• What feedback process will you use to encourage your new team to be open and honest with you?
  • What influence does company culture have? Does your communication and leadership style complement or clash with others? What will you adapt, and what do you feel is important to stay authentic?

5.   Creating a learning plan

  • Create a SWOT (or similar) to identify opportunities for growth
  • What will you need to learn in your new role, and how will you learn it?
  • Carve out dedicated time to invest in your development
  • Be honest about your learning goals are

By creating a clear 90-day plan that incorporates these five steps, you will be more prepared for your new role and avoid falling into some of the common traps of stepping into a new leadership role.

And one final trap to avoid?

“At company X we did it this way…” Limit the amount of time you spend telling people about your last job. People quickly tire of hearing what worked well or what you did at your last company. Don’t assume your new company/team doesn’t do things that way or hasn’t tried them.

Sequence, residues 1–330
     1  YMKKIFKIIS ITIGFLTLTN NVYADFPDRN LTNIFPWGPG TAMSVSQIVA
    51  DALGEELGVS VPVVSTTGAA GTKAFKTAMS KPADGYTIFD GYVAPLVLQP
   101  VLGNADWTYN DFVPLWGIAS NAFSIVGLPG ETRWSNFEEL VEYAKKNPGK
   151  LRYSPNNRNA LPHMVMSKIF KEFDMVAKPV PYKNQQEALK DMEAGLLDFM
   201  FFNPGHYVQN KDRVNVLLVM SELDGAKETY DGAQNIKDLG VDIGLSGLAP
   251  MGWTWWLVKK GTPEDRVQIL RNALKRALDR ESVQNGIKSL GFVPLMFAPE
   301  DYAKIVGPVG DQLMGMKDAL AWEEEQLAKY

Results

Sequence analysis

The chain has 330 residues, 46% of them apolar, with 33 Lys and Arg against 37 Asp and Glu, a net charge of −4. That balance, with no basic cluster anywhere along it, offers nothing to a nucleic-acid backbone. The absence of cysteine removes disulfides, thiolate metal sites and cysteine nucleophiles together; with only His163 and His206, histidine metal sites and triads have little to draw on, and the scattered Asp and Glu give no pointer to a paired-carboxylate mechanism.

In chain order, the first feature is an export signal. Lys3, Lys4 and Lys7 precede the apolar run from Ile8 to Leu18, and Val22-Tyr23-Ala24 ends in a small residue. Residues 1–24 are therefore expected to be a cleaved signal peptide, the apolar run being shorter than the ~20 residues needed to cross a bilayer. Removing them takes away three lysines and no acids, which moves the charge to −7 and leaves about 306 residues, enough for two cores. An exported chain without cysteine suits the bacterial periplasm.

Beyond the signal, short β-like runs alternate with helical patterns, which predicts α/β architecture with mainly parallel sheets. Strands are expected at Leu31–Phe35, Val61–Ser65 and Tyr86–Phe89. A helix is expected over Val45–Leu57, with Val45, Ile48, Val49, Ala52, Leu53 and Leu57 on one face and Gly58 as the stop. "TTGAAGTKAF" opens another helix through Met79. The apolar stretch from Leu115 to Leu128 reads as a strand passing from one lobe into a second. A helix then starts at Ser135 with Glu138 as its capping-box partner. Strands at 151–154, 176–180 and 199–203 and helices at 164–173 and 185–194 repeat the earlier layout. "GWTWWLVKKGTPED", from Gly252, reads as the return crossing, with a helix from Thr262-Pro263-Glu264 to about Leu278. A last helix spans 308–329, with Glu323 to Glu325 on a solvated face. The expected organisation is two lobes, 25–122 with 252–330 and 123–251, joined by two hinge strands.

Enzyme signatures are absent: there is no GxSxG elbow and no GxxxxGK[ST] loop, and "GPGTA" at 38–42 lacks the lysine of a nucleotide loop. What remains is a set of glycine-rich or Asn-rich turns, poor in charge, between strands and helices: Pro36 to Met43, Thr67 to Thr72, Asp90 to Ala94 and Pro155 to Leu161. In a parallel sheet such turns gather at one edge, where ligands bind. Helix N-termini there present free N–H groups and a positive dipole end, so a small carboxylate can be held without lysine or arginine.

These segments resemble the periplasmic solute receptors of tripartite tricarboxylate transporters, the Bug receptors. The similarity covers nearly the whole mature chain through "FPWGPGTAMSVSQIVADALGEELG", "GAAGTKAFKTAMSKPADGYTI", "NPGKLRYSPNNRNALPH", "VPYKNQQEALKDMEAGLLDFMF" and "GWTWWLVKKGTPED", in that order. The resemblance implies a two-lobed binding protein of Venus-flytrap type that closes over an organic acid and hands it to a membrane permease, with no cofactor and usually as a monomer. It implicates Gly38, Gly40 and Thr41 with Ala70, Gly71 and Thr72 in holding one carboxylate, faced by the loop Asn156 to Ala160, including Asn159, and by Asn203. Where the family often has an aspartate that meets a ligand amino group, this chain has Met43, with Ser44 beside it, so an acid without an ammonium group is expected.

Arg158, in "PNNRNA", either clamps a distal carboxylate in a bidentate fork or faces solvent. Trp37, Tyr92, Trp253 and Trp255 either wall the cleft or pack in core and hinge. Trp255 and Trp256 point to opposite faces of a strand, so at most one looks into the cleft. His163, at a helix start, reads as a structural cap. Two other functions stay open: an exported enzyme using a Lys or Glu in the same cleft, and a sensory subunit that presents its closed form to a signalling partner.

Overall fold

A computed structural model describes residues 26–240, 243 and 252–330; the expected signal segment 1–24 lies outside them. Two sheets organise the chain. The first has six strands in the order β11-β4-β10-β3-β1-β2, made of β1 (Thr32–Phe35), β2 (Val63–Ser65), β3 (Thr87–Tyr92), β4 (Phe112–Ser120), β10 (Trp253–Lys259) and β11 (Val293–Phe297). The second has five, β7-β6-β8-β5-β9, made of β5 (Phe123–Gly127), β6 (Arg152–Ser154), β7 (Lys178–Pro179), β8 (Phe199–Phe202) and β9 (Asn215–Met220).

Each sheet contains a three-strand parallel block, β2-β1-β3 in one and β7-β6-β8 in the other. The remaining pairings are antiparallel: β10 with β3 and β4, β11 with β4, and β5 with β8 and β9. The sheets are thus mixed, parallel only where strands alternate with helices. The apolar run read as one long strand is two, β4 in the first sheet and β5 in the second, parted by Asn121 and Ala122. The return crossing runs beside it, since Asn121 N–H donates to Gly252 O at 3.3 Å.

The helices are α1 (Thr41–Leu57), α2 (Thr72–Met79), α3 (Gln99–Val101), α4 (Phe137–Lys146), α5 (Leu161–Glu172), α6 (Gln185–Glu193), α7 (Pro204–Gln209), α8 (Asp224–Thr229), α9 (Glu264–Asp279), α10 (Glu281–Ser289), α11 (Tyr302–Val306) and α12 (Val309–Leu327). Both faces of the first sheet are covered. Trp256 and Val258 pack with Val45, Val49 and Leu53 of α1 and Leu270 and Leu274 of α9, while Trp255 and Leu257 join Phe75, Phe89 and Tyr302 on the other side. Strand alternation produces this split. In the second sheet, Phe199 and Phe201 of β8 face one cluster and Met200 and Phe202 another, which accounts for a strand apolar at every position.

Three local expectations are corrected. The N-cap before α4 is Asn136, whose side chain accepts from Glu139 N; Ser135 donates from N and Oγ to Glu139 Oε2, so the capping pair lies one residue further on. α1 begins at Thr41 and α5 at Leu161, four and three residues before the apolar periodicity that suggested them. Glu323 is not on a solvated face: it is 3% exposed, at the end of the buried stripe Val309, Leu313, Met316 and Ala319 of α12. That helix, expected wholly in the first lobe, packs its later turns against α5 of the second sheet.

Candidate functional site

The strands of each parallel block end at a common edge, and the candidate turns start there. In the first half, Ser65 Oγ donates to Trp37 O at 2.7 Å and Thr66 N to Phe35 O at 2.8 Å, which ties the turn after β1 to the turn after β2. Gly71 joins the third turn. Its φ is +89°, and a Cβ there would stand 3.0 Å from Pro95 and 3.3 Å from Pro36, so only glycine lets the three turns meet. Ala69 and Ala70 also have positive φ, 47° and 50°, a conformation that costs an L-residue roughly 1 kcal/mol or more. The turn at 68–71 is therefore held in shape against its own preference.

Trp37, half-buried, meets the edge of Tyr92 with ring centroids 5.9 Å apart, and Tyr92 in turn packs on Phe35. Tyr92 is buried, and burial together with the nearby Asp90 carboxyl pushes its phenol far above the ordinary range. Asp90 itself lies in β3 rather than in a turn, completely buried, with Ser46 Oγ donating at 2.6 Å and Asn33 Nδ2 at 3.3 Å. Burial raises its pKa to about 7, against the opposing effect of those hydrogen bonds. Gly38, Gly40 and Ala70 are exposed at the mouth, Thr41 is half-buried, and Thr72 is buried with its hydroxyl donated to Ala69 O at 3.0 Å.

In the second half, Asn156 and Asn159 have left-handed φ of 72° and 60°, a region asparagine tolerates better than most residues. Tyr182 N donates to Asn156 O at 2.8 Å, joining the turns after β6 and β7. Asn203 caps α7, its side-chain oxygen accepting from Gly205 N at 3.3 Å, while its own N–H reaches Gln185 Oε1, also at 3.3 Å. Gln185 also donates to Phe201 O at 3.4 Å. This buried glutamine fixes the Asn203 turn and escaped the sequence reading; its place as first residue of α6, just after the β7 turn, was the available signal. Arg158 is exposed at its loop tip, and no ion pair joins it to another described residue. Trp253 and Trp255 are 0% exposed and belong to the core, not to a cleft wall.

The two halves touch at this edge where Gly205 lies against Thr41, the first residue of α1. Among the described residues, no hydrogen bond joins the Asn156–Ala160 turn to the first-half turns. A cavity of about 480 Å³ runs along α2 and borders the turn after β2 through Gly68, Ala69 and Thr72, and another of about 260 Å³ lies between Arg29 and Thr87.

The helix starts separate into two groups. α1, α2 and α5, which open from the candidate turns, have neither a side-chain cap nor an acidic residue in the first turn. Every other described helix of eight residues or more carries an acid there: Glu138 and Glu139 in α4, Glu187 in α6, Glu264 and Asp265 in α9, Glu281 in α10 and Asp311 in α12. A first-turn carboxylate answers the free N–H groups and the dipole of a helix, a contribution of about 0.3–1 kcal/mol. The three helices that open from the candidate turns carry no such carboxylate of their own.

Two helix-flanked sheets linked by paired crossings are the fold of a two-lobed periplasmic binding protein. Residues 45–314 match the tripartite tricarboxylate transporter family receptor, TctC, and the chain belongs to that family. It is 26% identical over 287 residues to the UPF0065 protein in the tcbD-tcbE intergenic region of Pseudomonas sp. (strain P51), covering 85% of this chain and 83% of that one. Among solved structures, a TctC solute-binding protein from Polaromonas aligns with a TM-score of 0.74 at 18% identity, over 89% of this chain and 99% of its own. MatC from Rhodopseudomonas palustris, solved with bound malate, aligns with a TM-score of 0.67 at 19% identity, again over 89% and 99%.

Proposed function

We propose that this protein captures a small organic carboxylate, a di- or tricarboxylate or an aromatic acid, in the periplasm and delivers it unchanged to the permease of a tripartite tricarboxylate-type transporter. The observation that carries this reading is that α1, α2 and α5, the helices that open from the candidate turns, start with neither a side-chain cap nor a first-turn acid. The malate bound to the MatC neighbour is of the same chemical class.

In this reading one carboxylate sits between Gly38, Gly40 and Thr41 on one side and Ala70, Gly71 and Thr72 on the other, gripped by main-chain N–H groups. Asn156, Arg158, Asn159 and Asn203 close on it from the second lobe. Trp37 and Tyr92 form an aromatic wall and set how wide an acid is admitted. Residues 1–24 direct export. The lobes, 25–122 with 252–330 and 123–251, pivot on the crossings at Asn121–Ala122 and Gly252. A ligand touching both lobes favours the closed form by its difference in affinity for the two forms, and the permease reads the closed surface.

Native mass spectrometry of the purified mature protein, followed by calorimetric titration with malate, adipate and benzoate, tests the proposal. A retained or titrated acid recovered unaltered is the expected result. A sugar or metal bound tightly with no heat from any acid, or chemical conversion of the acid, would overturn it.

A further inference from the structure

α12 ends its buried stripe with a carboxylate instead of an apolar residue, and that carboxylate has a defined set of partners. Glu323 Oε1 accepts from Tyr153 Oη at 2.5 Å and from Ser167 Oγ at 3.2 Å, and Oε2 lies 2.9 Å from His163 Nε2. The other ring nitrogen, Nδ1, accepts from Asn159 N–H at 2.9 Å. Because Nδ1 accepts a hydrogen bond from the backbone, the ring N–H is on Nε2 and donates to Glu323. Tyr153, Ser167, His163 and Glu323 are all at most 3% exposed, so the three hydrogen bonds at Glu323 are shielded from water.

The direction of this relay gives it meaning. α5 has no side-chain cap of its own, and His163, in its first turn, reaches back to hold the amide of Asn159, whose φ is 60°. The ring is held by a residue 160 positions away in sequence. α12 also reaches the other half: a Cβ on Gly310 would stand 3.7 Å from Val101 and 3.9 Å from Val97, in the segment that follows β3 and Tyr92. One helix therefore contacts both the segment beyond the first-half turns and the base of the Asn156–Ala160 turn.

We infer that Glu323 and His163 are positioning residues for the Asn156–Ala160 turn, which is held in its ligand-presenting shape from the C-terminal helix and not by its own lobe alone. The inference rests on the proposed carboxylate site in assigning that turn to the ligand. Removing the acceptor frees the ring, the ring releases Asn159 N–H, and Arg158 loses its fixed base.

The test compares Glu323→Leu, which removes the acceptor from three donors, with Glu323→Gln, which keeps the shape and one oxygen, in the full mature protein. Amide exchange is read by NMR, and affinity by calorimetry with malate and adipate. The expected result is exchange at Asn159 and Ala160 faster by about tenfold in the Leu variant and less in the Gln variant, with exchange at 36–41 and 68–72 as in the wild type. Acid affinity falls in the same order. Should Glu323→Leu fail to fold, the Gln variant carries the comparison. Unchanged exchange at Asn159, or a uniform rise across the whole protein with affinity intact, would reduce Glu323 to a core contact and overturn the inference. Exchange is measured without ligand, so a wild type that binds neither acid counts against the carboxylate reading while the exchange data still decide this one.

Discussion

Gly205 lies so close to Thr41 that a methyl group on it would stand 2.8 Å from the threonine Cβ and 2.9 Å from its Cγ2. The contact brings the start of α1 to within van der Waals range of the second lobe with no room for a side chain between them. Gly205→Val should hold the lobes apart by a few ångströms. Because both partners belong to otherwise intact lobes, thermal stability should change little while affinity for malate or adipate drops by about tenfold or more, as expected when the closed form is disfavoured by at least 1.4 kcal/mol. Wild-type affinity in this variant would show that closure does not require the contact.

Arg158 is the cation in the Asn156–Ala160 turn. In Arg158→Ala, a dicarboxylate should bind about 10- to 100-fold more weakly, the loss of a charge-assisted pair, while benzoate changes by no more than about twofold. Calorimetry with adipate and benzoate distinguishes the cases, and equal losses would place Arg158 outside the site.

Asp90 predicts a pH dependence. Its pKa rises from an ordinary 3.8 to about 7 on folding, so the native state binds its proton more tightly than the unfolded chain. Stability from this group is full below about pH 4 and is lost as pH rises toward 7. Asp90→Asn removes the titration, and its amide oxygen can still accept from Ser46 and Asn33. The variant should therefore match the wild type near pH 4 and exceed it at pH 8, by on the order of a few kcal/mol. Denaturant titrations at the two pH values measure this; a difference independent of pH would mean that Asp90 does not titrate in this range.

Think about how you can ‘re-frame’ recommending something that has worked for you previously. For example, ask about the advantages of why things are done a certain way, what other ideas have been put forward, what have they already tried, or if ‘solution X’ was ever considered.

You may have ideas or even the solution to the team’s problem, but early on you want to temper the urge to recommend a ‘fix’ before you have the full picture.

No matter how well your career has been going, changing roles can often bring new challenges and opportunities that rely on you being able to learn and develop.

Don’t get caught out assuming your previous success can be dropped into the new role. By taking the time to create a  90-day plan, you can feel in control of your new role. Furthermore, with a leadership coach at your side, you also have the benefit of regular check-ins to review your progress and keep you on track with your first three months in your new role.

Start your new role in the strongest position

Banish new job nerves with a strong plan of action. With my 90-Day New Leadership Coaching Package, I can help you to develop a clear 90-day plan, backed up with progress reviews, check-ins, and support. All of this will give you a strong start and allow you to make a positive impact in your new role from day one.

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Greg Dalton Career Coach

Greg Dalton, Career Coach

I hold qualifications in Career, Life & Business Coaching, Psychology, Education Psychology, Gestalt Therapy and am a certified practitioner with Thomas International. Let’s look at the numb...